It began as many great good things begin; that is, by accident. A composer of a certain stature was asked if he knew a good violin teacher. He did, and he put the would-be Paganini in touch with an instructor. Then the teacher came back and said he’d be delighted to do even more teaching, but he needed a place to hold classes. So the composer then offered the use of his living room. Within three months there were 40 students and 15 teachers and the composer’s apartment could no longer withstand the traffic. So another space was rented and SoBe Studio was born.
Flash forward five years and SoBe Studio is now known as the SoBe Institute of the Arts. It’s a bustling place, full of sound and vision and hopes and dreams. And it’s become the de facto home to both budding professionals and the pros that show them the way to the top.
The composer behind this accidental milestone is Carson Kievman, who is also now the Executive Director of Sobe Arts, as well as an instructor in both Composition and Theater. Kievman, who counts Tanglewood and the New York Shakespeare Festival among his many residencies, was, in fact, composer-in-residence for the now defunct Florida Philharmonic when fate further intervened in his future. And he’s as surprised as anyone that the Institute even exists.
“I’d been teaching up at Princeton at the time,” he told SunPost Weekly. “And I needed a break. So I came down here to compose. But after seeing how many people wanted to learn and how many teachers wanted to teach, I felt compelled to meet the need. Everything kinda snow-balled from there.”
Indeed it did. From that one-room Euclid Avenue studio, SoBe Arts now boasts a veritable campus of creative learning. There’s the flagship 1915 Carl Fisher Clubhouse (which once served as the founding Floridian’s golf course hangout), where one can take classes in everything from banjo to cello, an outdoor bandshell, where some of the end-of-season concerts take place, and then there’s the Little Stage Theater, a landmark 1937 structure where a cornucopia of dramatic arts programs are both taught and staged.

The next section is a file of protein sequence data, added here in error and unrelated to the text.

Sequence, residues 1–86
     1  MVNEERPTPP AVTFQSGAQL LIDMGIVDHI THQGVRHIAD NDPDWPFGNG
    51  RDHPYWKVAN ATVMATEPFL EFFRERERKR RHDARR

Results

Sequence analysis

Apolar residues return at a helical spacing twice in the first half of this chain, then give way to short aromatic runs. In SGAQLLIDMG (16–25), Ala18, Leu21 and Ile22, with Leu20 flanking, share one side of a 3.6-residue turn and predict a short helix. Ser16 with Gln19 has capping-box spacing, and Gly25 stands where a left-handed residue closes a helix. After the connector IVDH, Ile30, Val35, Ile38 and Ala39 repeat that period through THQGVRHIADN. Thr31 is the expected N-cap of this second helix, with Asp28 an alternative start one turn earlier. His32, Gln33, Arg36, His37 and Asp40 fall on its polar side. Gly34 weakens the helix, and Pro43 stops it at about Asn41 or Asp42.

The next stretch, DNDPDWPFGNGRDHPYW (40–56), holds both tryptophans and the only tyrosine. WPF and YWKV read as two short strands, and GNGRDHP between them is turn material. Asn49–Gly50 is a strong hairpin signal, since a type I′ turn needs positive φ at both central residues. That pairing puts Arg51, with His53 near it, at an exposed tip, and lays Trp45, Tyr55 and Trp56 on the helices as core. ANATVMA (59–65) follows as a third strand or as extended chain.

The entire campus is located in what’s called Miami’s Beach’s CANDO District, an unwieldy acronym that technically stands for Cultural Arts Neighborhood District Overlay, geographically comprises the stretch from Dade Boulevard to Lincoln Road, and is perhaps better left said in the more sensible “can-do.” According to Kievman, this move too was something of an accident, albeit one backed by intention and bolstered by a whole lotta sweat equity.
“I heard a State of the City address by then Mayor David Dermer announcing the formation of the CANDO District,” explains Kievman, “and I saw that it was missing a place for high level arts education, so I applied. And after some maneuvering we were given a summer trial run. Then we were given a season. Then a second, and a third, and in January we signed a five-year renewable lease.”
January was also when SoBe Arts unveiled the Little Stage Theater, which is where a lotta that sweat came in.
“At first the City was like no way, it’ll cost at least a half million dollars to renovate that space,” remembers Kievman. “We said we could do it for $35 thousand. It was a ton of work. But between the volunteers and the donations we did it.”
And it was good that they did too, because it enabled SoBe Arts to expand its theater program to encompass not just training, but the all-important staging as well, whether it’s akin to the cabaret which inaugurated the space, or the operatic reworkings of Shakespeare which are a spin-off of what Kievman did in New York for the late, great Joseph Papp.